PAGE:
For the Glasgow September long holiday weekend we'd decided to get out of Glasgow and rent a cottage/lodge/caravan (to be honest I wasn't quite sure what it was going to actually be *) just outside Aberfeldy in Perthshire. Thankfully the weather wasn't too bad and this meant we could hire some bikes and get out to see the stunning Perthshire countryside in early autumn.
View Aberfeldy in a larger map
After collecting the bikes it was a short ride over the Wade Bridge up to the B846 road (National Cycle Route 7) which heads out to Glen Lyon. It's a fairy flat route with some dramatic houses old and new, and also some interesting sign-posts.
After turning off the B846 at Keltneyburn, the first stop was Fortingall, both for the Hotel and the Yew tree in the adjoining Church. The Yew tree is meant to be the oldest tree in Europe, c. 5000 years old - it's impressive but a good proportion of it was taken away in the 19th century by 'souvenir' hunters.
The Ewe (ha!) bar in Fortingall Hotel was very small & cosy, but the the house beer, Yew Ale from Inveralmond, was not available and the barman/manager seriously abrupt and touchy at my mentioning it - really not impressive. We decided to get on our way as soon as possible and it must have clicked to the barman that he had lost some custom, so he did come over and explain that they had just changed contracts for the drinks supply, but by then we really just wanted out of the place.
We then cycled down to the shore of Loch Tay heading back east, and after a couple of miles came to the Kenmore Hotel, said to be Scotland's oldest Inn (although I think the Sheep Heid in Edinburgh has an earlier claim). It's in a stunning setting at the very head of Loch Tay, with the conservatory and outside bar area looking down a good part of its length.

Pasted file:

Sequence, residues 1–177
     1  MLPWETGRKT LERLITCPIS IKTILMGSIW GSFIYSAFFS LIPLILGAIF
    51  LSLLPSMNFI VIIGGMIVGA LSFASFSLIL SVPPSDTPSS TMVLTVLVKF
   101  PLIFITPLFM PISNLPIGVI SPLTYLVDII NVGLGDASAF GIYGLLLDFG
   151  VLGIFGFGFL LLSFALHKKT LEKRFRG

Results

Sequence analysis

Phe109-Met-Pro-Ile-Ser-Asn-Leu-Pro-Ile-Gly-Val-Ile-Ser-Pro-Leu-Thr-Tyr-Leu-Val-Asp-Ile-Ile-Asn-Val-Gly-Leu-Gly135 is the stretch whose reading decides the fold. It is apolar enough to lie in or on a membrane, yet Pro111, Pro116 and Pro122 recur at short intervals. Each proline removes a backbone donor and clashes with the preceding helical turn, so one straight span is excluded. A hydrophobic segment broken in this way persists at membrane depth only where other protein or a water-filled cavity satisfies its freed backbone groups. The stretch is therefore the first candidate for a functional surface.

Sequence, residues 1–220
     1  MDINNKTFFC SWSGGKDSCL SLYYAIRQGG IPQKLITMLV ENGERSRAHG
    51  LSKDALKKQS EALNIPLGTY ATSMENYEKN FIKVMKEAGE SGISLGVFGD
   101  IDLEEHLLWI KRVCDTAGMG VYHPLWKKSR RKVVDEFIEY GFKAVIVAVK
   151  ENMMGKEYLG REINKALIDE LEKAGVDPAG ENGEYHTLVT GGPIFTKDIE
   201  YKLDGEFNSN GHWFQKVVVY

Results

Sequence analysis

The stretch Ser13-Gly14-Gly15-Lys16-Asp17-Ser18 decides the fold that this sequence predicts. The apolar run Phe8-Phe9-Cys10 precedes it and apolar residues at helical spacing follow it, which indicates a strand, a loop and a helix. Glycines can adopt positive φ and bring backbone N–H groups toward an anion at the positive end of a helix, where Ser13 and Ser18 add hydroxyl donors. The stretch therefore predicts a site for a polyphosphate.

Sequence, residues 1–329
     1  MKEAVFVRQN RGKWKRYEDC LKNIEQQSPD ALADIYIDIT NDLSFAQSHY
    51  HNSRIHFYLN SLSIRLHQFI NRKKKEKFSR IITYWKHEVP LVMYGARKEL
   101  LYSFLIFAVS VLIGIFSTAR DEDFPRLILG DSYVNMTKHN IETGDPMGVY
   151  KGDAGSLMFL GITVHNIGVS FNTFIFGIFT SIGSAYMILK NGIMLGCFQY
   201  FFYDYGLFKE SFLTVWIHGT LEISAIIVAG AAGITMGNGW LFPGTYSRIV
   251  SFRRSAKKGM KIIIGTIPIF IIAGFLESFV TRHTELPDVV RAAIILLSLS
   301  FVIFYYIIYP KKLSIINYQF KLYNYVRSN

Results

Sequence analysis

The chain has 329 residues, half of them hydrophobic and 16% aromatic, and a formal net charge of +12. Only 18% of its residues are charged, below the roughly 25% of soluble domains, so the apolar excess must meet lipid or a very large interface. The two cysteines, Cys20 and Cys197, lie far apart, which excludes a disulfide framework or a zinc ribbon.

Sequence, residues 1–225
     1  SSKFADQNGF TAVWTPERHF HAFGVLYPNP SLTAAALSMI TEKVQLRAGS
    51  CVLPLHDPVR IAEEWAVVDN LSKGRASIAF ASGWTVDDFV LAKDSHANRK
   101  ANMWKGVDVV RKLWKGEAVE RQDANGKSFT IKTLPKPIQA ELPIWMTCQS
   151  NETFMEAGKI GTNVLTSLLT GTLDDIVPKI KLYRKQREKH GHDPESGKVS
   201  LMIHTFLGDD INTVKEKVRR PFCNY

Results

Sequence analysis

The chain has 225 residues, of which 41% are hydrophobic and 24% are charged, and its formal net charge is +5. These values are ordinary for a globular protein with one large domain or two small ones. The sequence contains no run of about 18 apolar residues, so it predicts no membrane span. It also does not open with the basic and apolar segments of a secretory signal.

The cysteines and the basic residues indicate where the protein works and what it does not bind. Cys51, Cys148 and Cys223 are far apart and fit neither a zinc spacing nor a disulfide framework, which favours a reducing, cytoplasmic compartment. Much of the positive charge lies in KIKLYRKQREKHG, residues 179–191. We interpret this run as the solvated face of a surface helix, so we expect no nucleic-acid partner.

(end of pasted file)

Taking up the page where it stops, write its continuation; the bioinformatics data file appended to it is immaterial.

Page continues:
The hotel bar is called The Poet's Bar, after Robert Burns who composed Taymouth here on the chimney-breast, with the framed poem being the centrepiece of the bar. The only real ale on offer was Thrappledouser from Inveralmond, but it was well kept, with the barman pouring a few pints away to allow the new cask to settle down.
We took a short detour on the south bank of Loch Tay to the Acharn Falls, a 20 minute or so clamber from the shoreline to the head of the falls, but definitely worthwhile after the rain of the previous day.
We then headed back to Aberfeldy on the B846 road. The last port-of-call was the Weem Hotel a mile or so before the town centre. It's claim to fame was that the (in)famous General Wade (who lead the government armies in the Battle of Culloden) lived there, although his part of the dwelling was not in the best state of repair. The rest of the hotel was nice and welcoming, with the staff full of banter. Inveralmond Ossian and Thappledouser were on the bar and the Ossian was a great refreshing beer at the end of a cycle.
Back in Aberfeldy, the only place in town that seemed to be selling real ale was the Black Watch Inn. This was a nice place to spend an hour or so - a long, narrow bar with dart-board and pool table, a decent amount of whiskies, Belhaven IPA (better than the GK equivalent, though it's a low starting point) and Harviestoun Bitter and Twisted on hand-pull, and extremely good food served in the lounge restaurant.
* - it was a cottage!